What is Veterinary Acupuncture?
Veterinary Acupuncture is defined as “the insertion of special needles into specific points on the body to produce a healing response”.
The Origin of Veterinary Acupuncture
Acupuncture is a branch Traditional Chinese Veterinary Medicine (TCVM) and has been used by the Chinese for thousands of years to treat animals. Originally, in China it was used to treat agriculturally important animals such as cows, pigs and horses. In Western society we mostly use it for domesticated animals such as dogs, cats and horses. Acupuncture has been quite effective in treating musculo-skeletal conditions such as back pain, osteoarthritis & degenerative joint disease; Neurological issues including nerve paralysis & wobblers syndrome; Gastrointestinal and Internal Medicine conditions as well as behavioural problems. In addition, it can also be used as a form of preventative medicine. Other forms of alternative medicine such as Spinal Manipulation, Herbal Medicines and Food Therapy have been quite beneficial when used in conjunction with acupuncture.
How does it work?
In theory, your entire body is covered in nerve endings, and stimulation of the selected points causes a change in the nervous system. This change may be specific to that area of the body, as with a muscle injury, or that acupuncture point may also be stimulatory to an associated internal organ. Studies have shown that stimulation with the needles leads to increased circulation to the affected area, and release of hormones such as endorphins, serotonin & cortisol which are some of the body’s natural pain control chemicals. In essence acupuncture assists the body in healing itself.
In order to better understand how acupuncture works I will give you an analogy. The exterior of the body is covered in a series of 12 regular and 8 extraordinary channels known as meridians. These channels all have numerous acupuncture points along the way, and are the pathway for Qi (energy) and Blood to circulate. If you imagine these meridians as the roads and highway system, then an injury can be equated to an accident that blocks the roads, preventing any further traffic (Qi & Blood) from passing, and a traffic jam develops. This prevents any normal flow of energy needed for the body to function to pass, which can be seen as swelling or discomfort in the tissue at the “accident site”. If it’s the highway then you have to wait for the accident to clear for relief as traffic can only flow one way, or you take a side road which means healing will be slower due to the longer road to travel. Acupuncture can thus be equated to the emergency services who come along and expedite the clearing of the accident and returning function of the tissues to normal.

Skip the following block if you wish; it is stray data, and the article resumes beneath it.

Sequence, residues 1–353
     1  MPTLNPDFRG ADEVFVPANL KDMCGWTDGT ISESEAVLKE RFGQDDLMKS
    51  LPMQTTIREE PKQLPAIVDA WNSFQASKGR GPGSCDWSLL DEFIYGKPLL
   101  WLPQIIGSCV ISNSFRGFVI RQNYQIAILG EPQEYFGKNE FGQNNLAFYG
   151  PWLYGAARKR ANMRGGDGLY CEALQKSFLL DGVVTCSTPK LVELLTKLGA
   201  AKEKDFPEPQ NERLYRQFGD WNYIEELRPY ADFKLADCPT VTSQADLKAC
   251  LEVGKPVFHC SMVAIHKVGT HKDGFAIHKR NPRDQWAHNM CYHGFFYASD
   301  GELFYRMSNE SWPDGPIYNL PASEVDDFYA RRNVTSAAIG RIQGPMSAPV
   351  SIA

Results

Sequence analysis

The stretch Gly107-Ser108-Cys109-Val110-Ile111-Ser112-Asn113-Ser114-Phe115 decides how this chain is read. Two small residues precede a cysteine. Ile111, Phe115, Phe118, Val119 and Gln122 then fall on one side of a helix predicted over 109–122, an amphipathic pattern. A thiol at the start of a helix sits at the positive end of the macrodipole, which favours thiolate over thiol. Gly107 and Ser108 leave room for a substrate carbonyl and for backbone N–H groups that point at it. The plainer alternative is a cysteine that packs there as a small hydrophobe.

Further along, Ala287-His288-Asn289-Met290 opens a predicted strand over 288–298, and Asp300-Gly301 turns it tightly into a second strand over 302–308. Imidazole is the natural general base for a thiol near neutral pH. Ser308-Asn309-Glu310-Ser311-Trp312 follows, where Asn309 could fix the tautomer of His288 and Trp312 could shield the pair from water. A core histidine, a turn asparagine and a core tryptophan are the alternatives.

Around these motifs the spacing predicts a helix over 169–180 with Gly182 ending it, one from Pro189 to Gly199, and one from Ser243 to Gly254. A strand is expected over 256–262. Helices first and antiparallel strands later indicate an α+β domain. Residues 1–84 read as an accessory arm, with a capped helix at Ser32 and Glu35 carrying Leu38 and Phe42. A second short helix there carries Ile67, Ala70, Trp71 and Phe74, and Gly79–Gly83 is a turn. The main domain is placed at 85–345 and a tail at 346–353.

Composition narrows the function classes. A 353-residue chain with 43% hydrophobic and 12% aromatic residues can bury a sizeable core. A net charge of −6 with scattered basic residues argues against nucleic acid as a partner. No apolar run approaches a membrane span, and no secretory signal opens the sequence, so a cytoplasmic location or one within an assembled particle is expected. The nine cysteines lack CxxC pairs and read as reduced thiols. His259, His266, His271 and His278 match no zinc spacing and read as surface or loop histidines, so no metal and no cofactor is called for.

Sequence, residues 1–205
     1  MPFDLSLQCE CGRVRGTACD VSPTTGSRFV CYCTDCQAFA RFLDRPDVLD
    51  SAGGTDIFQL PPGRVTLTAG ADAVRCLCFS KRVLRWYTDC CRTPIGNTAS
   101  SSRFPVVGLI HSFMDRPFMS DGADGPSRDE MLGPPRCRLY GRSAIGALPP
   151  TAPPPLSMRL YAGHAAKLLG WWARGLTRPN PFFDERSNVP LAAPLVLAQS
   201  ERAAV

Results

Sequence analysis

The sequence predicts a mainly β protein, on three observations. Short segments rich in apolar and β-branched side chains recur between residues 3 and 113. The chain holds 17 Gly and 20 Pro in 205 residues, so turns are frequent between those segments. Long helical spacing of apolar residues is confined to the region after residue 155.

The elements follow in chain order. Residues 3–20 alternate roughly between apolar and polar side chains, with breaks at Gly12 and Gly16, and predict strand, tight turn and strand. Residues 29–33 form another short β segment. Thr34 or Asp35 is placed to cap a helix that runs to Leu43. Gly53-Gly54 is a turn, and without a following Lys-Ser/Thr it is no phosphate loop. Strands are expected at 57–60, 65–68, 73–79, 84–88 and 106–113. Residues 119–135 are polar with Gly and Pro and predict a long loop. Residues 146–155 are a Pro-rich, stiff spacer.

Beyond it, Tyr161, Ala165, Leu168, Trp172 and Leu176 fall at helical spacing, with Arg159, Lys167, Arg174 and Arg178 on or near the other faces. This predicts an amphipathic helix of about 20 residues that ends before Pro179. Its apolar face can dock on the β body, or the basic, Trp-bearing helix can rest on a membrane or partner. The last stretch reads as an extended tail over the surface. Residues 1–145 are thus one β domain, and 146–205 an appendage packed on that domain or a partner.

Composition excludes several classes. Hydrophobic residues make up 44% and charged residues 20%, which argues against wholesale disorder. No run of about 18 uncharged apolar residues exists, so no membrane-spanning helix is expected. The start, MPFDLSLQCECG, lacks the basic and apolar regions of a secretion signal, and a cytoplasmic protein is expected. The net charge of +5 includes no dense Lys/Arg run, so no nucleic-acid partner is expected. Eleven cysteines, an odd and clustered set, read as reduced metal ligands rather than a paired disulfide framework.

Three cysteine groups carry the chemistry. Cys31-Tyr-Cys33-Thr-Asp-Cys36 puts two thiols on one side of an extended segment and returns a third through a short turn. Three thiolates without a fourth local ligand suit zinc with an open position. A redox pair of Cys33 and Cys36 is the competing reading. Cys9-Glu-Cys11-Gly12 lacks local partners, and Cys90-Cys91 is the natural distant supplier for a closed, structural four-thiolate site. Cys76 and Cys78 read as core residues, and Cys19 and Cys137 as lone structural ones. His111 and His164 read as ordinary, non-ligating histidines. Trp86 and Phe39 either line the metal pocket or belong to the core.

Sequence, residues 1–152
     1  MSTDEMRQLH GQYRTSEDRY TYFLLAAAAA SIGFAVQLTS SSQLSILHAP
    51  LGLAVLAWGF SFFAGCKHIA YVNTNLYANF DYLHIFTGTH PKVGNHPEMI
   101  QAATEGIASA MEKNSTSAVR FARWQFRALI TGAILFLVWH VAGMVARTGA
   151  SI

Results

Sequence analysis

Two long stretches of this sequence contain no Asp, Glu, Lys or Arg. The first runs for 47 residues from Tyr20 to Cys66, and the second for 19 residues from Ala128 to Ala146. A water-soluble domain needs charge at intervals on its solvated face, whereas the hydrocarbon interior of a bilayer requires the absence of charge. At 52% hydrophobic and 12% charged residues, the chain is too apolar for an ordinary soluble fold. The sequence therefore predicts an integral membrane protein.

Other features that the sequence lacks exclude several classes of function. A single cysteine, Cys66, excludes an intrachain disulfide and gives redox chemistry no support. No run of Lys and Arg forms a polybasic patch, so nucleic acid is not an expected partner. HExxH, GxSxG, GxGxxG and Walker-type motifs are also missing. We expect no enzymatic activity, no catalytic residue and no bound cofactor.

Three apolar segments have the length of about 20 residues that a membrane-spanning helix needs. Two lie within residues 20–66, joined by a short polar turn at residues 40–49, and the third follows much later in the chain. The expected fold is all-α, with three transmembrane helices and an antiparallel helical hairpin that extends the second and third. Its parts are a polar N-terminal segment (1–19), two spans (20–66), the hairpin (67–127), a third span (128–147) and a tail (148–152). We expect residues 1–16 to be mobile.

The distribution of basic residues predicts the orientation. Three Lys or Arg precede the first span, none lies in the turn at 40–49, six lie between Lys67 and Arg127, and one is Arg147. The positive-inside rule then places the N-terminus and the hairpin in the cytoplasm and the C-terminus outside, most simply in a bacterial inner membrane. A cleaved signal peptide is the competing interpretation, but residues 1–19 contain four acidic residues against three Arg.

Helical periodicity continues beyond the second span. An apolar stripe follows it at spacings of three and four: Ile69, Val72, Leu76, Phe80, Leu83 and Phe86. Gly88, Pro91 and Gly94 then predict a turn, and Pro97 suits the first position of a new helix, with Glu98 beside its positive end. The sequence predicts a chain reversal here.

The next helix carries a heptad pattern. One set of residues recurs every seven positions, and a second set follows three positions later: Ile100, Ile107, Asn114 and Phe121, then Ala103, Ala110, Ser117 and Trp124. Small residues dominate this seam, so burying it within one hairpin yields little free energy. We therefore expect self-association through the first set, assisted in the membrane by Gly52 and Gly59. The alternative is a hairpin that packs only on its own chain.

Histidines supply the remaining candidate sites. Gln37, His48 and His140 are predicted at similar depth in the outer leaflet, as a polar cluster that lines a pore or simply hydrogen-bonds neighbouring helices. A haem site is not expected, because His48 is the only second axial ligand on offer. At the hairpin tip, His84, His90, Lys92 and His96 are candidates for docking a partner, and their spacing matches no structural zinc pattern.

A typical acupuncture session lasts 45 minutes and involves a complete examination and history taking, including the colour of the tongue and characteristics of the pulse, as well as determining the animal’s constitution or personality, and the degree of pain/ discomfort experienced by them. Once the acupuncture points to be used are selected and needles are placed, they may be further stimulated with a low frequency electrical pulse or heat through a moxa stick. Most animals will display some degree of relief after the first or second treatment, and recovery is dependent not only on the nature of injury but also on its cause and whether it was due to a bad habit. For example, a heavy rider or riding with bad posture can cause recurring back injury in horses even after treatment; and whilst acupuncture may offer relief to an arthritic animal it does not cure it.
A good point for acupuncture is that it is a very safe procedure, once it is carried out by a qualified acupuncturist. There have been very few side effects to therapy and it can be used on any age animal. The only conditions requiring caution are open wounds, fractured bones, pregnancy and infectious diseases.
Dr Laura Hutchinson, Trinity Animal Clinic